#22 On knowing what’s best

Most new conjectures are wrong. Yes good. Most old conjectures are wrong. Also fine. This is because new and old are pretty much unbiased subsets of conjectures in general. However the set of ideas in active use are a biased, selected set. Imperfectly selected yes, and quite slow, yes. And can cause a lot of misery, sure. But implemented laws are a selected set and so have a higher percentage of true ideas than the set of new and the set of old.

There’s a lovely power law at work here, a kind of self-similar Sturgeon’s law. Most governments are static except a few, and within those few, most states are static except a few, and within those states most people are static except a few, and within each person most ideas are static except a few. We are utterly blessed \footnote(actually by the hard work of some of our ancestors) with a system of government that, however slowly, however imperfectly, manages to asymmetrically select good ideas, eeking out progress in this sliver of enlightenment. I would say that western democracies are more effective and efficient as any other system ever for social change (that also survived the changes), I would think you would too. It’s the worst method of selecting good ideas, except all the others so far.

You mentioned a few discernible mechanisms that yet undermine selection in our system. But I really can’t be sure that they do. “Gut reactions”? How about human intuition. “Campaign goals”? Um… responding to the electorate. I know its tenuous, but the only real way to tell how damaging or helpful these mechanisms are is by looking at the results, and comparing to the alternatives. On the local scale the political representatives could be as dumb as ants, I don’t care, so long as progress emerges.

Actually at the last second I think I might be giving myself to much credit. If it turned out autocracy truly had the best outcomes, I wouldn’t be comfortable with it. Nor would submitting to representation by mutant ant-people. And here I feel like I see the outline of the problem. Such a complex system means that it’s easy to pair every success of a system with a mechanism one likes, and problems in a system with the lack of something one wants. In reality, given some person’s beliefs, we should expect them to like some parts of government that actually don’t work, and to hate parts that do.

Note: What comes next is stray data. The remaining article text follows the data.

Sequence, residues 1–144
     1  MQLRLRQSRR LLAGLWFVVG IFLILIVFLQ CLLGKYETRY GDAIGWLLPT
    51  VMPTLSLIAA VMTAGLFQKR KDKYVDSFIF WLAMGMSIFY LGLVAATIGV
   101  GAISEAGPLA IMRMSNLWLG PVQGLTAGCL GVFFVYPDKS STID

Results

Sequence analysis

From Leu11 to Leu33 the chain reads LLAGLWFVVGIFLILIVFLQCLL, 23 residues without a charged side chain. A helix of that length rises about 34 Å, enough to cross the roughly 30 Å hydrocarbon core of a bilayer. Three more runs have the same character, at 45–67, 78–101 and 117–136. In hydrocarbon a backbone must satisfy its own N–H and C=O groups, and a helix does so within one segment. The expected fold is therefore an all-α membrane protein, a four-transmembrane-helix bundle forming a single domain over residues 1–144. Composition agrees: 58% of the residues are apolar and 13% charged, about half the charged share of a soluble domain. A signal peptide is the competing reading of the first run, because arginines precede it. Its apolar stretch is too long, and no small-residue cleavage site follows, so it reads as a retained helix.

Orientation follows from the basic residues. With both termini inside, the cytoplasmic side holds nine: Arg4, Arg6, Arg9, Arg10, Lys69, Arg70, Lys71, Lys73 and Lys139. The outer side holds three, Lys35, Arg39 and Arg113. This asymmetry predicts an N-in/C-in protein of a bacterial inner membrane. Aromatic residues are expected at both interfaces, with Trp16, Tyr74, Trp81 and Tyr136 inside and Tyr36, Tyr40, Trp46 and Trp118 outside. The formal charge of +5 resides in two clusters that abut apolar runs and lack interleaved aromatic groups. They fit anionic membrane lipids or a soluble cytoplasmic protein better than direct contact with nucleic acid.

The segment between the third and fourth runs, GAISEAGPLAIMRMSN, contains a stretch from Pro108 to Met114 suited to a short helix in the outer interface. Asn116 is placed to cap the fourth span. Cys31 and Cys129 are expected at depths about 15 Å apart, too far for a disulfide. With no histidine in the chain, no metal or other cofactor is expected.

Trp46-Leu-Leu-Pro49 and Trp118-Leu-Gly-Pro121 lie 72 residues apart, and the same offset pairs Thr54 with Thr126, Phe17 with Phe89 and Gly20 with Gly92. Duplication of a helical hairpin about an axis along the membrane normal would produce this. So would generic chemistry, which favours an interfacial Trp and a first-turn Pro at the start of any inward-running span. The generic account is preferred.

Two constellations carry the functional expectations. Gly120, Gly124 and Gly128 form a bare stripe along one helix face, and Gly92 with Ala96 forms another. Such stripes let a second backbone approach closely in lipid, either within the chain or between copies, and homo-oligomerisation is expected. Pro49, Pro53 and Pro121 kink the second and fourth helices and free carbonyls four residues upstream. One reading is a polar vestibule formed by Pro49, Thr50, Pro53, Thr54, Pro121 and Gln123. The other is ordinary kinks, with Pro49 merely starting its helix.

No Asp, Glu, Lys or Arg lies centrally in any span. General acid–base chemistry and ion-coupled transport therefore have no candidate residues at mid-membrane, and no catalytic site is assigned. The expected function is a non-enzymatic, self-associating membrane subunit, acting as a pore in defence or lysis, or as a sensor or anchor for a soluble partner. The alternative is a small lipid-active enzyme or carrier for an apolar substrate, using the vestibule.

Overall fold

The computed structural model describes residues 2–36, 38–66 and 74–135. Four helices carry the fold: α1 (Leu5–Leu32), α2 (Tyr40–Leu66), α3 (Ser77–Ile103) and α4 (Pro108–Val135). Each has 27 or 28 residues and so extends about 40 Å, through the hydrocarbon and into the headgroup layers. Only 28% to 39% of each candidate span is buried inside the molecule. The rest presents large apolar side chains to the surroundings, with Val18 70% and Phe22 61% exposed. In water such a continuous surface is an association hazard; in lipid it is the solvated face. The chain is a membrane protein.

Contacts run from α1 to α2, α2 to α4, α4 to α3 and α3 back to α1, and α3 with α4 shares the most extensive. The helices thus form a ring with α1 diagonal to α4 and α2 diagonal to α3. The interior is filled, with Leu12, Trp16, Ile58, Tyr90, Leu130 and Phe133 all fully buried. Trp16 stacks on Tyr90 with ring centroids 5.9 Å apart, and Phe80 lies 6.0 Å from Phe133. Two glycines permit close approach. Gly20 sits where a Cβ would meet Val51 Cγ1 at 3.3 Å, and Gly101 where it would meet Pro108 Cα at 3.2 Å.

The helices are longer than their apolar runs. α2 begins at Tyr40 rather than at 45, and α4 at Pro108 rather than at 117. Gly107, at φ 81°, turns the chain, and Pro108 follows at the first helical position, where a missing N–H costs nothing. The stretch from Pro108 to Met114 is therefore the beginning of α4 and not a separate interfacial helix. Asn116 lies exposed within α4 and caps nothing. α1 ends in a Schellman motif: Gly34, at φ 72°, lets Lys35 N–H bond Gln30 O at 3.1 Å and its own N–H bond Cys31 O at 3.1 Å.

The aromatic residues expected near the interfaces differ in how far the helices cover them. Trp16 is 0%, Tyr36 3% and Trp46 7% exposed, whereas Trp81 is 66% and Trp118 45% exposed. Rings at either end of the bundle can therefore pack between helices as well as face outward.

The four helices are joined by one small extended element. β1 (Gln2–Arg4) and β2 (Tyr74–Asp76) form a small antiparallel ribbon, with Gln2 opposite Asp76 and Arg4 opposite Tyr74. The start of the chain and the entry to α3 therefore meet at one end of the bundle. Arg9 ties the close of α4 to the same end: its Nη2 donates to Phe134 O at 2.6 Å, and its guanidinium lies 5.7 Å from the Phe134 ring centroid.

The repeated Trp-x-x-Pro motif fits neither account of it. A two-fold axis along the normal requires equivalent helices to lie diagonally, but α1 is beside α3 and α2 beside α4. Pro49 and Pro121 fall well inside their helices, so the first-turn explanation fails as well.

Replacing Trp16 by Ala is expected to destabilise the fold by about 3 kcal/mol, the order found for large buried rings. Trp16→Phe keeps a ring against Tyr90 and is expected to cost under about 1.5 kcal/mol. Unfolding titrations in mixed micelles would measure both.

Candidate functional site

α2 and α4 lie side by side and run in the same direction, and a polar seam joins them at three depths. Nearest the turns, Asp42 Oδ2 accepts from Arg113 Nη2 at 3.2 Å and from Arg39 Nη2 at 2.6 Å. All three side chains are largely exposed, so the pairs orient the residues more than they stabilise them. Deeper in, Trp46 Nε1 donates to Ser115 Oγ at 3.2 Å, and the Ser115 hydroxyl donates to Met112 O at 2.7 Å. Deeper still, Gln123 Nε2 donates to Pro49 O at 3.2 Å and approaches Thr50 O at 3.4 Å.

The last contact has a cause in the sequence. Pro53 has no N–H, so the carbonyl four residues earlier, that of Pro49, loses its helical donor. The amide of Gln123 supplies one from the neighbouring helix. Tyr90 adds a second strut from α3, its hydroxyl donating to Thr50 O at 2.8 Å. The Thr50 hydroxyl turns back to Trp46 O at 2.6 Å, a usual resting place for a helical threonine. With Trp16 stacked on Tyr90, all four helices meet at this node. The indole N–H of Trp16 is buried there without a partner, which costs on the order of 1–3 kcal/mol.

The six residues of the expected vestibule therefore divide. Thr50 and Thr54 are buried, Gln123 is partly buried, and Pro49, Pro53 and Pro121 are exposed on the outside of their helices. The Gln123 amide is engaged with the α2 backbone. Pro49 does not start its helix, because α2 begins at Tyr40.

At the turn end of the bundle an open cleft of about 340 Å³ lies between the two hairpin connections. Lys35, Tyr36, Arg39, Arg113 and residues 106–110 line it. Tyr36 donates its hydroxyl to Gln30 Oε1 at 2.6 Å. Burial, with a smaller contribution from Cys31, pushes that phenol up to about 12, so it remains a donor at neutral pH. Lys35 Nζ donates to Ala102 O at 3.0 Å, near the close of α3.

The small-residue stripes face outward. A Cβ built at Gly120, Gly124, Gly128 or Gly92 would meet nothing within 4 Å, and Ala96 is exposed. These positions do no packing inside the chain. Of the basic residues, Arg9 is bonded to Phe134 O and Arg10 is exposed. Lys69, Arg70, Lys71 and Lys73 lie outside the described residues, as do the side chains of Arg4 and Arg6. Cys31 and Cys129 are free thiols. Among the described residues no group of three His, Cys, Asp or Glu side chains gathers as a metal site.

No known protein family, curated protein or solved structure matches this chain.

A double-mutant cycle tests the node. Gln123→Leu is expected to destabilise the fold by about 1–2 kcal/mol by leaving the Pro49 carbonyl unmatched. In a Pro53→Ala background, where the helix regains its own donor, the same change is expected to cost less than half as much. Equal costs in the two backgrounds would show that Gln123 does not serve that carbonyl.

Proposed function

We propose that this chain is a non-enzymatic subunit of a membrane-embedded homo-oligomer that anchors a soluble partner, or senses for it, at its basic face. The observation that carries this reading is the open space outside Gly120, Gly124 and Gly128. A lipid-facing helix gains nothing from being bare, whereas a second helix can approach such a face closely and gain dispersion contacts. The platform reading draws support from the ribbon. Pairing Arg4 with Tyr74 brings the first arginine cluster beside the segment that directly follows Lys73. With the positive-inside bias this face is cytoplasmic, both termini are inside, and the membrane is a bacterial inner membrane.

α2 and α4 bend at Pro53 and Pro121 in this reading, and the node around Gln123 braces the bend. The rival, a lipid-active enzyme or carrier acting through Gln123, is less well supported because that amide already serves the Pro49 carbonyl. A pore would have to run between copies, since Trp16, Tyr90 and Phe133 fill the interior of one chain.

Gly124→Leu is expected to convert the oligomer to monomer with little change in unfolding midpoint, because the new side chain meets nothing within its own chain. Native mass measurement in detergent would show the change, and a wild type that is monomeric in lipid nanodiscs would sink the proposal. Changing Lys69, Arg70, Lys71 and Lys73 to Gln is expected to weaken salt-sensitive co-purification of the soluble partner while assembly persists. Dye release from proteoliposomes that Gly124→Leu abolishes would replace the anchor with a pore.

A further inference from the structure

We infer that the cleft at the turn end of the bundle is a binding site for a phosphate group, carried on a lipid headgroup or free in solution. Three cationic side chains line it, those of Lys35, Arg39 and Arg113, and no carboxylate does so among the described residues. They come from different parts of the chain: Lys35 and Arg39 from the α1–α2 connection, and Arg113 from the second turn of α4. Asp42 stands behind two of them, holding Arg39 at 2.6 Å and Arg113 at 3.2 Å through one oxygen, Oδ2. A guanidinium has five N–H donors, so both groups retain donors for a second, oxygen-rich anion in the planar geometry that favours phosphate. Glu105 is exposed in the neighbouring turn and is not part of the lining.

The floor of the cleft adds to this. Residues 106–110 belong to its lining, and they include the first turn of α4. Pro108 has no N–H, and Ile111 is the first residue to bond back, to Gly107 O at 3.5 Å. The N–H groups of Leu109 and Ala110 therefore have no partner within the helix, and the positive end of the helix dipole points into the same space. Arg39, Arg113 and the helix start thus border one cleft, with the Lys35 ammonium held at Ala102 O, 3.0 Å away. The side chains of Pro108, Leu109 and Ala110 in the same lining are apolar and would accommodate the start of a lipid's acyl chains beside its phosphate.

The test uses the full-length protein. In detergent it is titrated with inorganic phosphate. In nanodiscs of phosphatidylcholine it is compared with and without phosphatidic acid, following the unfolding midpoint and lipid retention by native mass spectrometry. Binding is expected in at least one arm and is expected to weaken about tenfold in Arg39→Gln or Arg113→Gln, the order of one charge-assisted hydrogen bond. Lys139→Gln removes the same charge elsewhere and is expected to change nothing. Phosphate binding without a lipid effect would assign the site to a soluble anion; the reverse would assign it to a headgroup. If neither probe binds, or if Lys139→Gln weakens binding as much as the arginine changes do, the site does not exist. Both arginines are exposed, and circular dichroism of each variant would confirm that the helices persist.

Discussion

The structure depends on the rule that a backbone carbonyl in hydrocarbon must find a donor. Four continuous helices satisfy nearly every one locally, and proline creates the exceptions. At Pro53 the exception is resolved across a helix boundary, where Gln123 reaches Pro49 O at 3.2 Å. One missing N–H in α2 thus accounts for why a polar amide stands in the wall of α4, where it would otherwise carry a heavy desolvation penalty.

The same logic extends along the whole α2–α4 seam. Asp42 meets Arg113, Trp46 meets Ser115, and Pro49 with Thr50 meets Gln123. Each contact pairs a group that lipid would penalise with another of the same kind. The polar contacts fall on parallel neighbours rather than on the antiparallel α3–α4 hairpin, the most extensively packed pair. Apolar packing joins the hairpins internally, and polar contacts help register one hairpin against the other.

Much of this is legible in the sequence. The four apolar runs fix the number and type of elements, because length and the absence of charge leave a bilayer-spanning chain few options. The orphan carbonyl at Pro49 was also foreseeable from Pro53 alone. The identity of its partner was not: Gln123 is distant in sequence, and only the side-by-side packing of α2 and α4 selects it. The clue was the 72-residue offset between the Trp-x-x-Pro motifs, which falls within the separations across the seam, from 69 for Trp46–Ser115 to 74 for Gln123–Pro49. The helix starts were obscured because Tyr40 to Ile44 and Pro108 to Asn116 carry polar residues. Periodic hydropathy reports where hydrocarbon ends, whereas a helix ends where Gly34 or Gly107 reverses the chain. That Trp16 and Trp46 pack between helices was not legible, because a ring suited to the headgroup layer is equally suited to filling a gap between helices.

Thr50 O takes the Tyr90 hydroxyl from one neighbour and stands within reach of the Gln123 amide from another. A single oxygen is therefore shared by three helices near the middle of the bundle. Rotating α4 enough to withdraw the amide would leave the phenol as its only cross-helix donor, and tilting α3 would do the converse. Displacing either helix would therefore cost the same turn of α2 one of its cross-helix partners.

So the only thing I can be sure of is that the best government is probably not the one I think would be best. And certainly not the one I hope would be best.

Deutsch and Taleb avoid the above problems by ignoring detailed mechanics and focusing on results. But they do it from different angles. Taleb looks back, the ancestors he worships had strong results on the survival front, with city states that lasted millennia. To stand up for them is to say: because they survived longer, they have mechanisms we need to implement. If we need an autocracy, we should use an autocracy. But Deutsch with reference to the present results looks forward. There’s a kind of ancestor ambivalence generated from his cutthroat definition of sustainability: Is the society around now? No? Pfft, too bad. It failed because it didn’t progress enough. Will we eventually find that Automaton ant-people give us the best results? Fine. We’re still here, and the only way to guarantee survival is to ride this sliver to infinity.